Vietnam began allowing foreign travelers to visit designated places under a vaccine passport program last November and fully reopened in March, three months earlier than originally planned.
Travelers queue at the Vietnam Airlines JSC counter at Incheon International Airport in South Korea on September 8, 2022.
Seong Joon Cho/Bloomberg/Getty Images
“All indicators of the tourism industry have miraculously recovered,” said Nguyen Trung Khanh, director general of Vietnam’s National Tourism Administration, according to government news site VietnamNet.
“Thanks to the explosion of domestic tourists after the Covid-19 epidemic, after half of the year, the industry has already achieved the objectives set for the full year.”
Thailand began allowing fully vaccinated travelers last November, under a program that was briefly suspended when the Omicron variant spread. It relaunched the program earlier this year and has continued to ease restrictions in recent months.
Tourists and locals browse a street market in Phuket, Thailand on October 2.
André Malerba/Bloomberg/Getty Images
It is still below pre-pandemic levels; Thailand welcomed nearly 40 million visitors in 2019. But the country is firmly on the road to recovery, with tourism expected to reach 80% of pre-pandemic levels by next year, according to Burapachaisri.
Customers at a bar in Phuket, Thailand on September 30.
André Malerba/Bloomberg/Getty Images
China the strange man
Such reopenings stand in stark contrast to the situation in mainland China, where people have grown accustomed to the possibility of being caught in instant lockdowns.
Tourist hotspots have also been hit – the ancient city of Pingyao, a UNESCO World Heritage Site, imposed an instant lockdown after discovering just two cases. The city of Zhangjiajie, home to a scenic national park, went into lockdown for just one case. And last week, hundreds of tourists were stranded at an airport in Xishuangbanna prefecture, Yunnan province, due to an instant lockdown.
Residents stand behind a cordon line at a fruit stall in Tianshan district of Urumqi, Xinjiang, China, September 5.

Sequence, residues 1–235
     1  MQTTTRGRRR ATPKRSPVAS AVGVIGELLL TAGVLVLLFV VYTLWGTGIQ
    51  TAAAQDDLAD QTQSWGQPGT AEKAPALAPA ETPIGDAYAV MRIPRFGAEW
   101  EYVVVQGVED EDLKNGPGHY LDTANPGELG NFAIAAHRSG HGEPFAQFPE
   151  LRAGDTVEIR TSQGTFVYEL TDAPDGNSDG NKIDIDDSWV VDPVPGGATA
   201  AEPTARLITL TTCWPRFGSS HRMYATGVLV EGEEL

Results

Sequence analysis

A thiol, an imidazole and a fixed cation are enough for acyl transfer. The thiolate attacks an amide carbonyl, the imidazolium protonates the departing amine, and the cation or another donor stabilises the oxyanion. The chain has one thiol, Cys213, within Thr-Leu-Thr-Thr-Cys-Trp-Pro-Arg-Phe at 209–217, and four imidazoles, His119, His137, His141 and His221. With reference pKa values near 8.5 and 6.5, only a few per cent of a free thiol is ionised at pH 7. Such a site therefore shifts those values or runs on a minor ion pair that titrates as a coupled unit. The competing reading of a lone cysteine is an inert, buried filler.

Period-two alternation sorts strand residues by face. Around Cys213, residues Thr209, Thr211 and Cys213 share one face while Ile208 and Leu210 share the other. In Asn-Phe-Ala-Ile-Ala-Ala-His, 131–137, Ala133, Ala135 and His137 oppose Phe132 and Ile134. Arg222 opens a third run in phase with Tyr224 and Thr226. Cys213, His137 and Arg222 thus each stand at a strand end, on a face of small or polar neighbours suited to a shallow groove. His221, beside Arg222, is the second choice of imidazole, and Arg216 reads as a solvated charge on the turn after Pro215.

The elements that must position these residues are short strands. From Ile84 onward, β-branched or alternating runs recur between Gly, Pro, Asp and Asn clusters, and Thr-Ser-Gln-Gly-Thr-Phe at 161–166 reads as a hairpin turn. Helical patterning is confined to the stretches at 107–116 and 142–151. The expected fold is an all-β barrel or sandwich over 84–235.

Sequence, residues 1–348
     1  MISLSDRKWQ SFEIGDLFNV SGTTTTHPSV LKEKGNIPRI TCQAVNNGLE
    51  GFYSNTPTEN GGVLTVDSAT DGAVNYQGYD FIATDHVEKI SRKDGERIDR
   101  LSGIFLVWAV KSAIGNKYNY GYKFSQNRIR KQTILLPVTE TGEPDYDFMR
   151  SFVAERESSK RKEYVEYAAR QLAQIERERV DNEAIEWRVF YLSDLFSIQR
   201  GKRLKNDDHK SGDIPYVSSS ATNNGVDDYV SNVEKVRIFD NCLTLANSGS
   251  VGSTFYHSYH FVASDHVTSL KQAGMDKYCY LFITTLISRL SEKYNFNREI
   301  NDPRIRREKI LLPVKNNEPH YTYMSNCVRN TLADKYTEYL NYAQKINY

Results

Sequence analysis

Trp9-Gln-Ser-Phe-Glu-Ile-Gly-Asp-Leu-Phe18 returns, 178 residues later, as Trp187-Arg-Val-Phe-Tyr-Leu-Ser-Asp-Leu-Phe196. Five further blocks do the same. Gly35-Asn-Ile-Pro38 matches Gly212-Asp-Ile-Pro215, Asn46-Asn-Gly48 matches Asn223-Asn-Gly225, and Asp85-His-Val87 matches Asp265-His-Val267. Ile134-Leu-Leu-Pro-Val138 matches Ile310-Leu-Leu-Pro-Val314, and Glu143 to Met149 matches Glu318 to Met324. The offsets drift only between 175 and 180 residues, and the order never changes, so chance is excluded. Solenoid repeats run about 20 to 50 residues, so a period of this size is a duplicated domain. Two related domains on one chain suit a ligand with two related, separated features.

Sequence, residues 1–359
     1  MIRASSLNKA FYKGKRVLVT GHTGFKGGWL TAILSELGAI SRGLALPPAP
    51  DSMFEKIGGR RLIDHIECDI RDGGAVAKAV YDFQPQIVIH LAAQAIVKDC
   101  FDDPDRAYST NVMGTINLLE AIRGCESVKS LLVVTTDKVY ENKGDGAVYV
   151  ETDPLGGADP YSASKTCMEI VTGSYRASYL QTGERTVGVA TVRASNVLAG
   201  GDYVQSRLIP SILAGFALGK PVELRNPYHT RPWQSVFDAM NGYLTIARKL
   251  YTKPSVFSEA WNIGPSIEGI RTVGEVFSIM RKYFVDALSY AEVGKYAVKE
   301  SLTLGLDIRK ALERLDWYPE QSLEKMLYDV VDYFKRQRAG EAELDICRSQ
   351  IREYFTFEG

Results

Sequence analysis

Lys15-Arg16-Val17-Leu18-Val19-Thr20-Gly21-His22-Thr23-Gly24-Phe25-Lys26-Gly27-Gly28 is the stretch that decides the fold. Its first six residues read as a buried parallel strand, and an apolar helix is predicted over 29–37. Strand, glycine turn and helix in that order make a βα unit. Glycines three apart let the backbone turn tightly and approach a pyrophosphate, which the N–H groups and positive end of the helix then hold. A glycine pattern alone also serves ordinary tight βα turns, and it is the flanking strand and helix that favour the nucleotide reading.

Officials are on high alert less than a week before China’s ruling Communist Party holds its two-decade national congress, where leader Xi Jinping is expected to secure a third term in office that breaks the norm.
The country’s authorities have been scrambling to ease preparations for the congress – a particularly sensitive time – by tightening already strict Covid rules and declaring more lockdowns.
There are other signs that zero-Covid might be here to stay. Earlier this week, authorities in Shanghai’s Pudong district posted online that they were seeking to hire more than 500 Covid workers on a two-year contract to carry out “community prevention and control work”.
The post was posted on the district office’s official WeChat account and seen by CNN, but has since been deleted.
State media has also stepped up its zero-Covid advocacy in recent days. In a separate comment published on Wednesday, the People’s Daily claimed that some countries had reopened because they had no choice after failing to “effectively control the epidemic in a timely manner”.
He argued that the outbreaks in the United States and Japan were evidence of the “serious consequences” of easing restrictions – despite both countries having seen their cases decline since the peak of the summer.
“Only by insisting on dynamic zero-Covid can we avoid huge losses caused by an uncontrollable epidemic,” read the commentary. “It is precisely through our insistence on dynamic zero-Covid that we have maximally protected people’s lives and health.”